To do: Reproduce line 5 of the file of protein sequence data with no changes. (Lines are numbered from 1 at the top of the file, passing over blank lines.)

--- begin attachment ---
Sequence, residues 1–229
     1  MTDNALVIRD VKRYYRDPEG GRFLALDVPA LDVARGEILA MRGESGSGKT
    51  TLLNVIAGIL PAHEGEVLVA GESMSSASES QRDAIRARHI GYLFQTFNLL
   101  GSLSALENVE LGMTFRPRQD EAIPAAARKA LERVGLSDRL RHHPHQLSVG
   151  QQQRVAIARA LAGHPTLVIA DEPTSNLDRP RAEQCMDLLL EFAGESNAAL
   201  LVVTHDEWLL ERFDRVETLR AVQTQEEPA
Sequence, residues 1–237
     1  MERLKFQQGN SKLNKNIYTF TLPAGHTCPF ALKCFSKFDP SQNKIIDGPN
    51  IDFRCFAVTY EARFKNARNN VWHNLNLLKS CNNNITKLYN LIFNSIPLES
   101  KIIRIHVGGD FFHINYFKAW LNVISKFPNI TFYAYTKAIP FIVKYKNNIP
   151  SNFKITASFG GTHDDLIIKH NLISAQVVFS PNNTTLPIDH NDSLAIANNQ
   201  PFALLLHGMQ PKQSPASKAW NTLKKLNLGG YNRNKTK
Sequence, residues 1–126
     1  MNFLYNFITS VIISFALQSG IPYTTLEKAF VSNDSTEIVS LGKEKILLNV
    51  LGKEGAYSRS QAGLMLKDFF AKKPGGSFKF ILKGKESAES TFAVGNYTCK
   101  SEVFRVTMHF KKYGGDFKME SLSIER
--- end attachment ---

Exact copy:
   151  QQQRVAIARA LAGHPTLVIA DEPTSNLDRP RAEQCMDLLL EFAGESNAAL